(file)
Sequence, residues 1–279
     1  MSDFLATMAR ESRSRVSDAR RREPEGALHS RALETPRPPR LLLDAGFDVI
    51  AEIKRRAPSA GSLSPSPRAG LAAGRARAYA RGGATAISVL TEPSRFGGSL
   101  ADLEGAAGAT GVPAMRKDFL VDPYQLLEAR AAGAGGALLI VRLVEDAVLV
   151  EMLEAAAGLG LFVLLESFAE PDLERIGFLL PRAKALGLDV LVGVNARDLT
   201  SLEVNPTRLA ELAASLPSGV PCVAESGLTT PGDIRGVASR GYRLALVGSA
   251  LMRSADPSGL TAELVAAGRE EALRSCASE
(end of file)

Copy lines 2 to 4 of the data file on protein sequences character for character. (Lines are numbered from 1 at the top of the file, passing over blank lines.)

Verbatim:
     1  MSDFLATMAR ESRSRVSDAR RREPEGALHS RALETPRPPR LLLDAGFDVI
    51  AEIKRRAPSA GSLSPSPRAG LAAGRARAYA RGGATAISVL TEPSRFGGSL
   101  ADLEGAAGAT GVPAMRKDFL VDPYQLLEAR AAGAGGALLI VRLVEDAVLV